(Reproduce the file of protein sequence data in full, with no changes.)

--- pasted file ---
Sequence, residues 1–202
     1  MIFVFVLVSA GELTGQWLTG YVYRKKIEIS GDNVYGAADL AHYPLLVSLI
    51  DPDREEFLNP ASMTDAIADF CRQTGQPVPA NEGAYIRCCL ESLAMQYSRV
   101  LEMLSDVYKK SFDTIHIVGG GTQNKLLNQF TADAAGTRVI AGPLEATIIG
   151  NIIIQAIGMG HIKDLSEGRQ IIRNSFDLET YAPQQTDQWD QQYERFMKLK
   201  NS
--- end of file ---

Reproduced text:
Sequence, residues 1–202
     1  MIFVFVLVSA GELTGQWLTG YVYRKKIEIS GDNVYGAADL AHYPLLVSLI
    51  DPDREEFLNP ASMTDAIADF CRQTGQPVPA NEGAYIRCCL ESLAMQYSRV
   101  LEMLSDVYKK SFDTIHIVGG GTQNKLLNQF TADAAGTRVI AGPLEATIIG
   151  NIIIQAIGMG HIKDLSEGRQ IIRNSFDLET YAPQQTDQWD QQYERFMKLK
   201  NS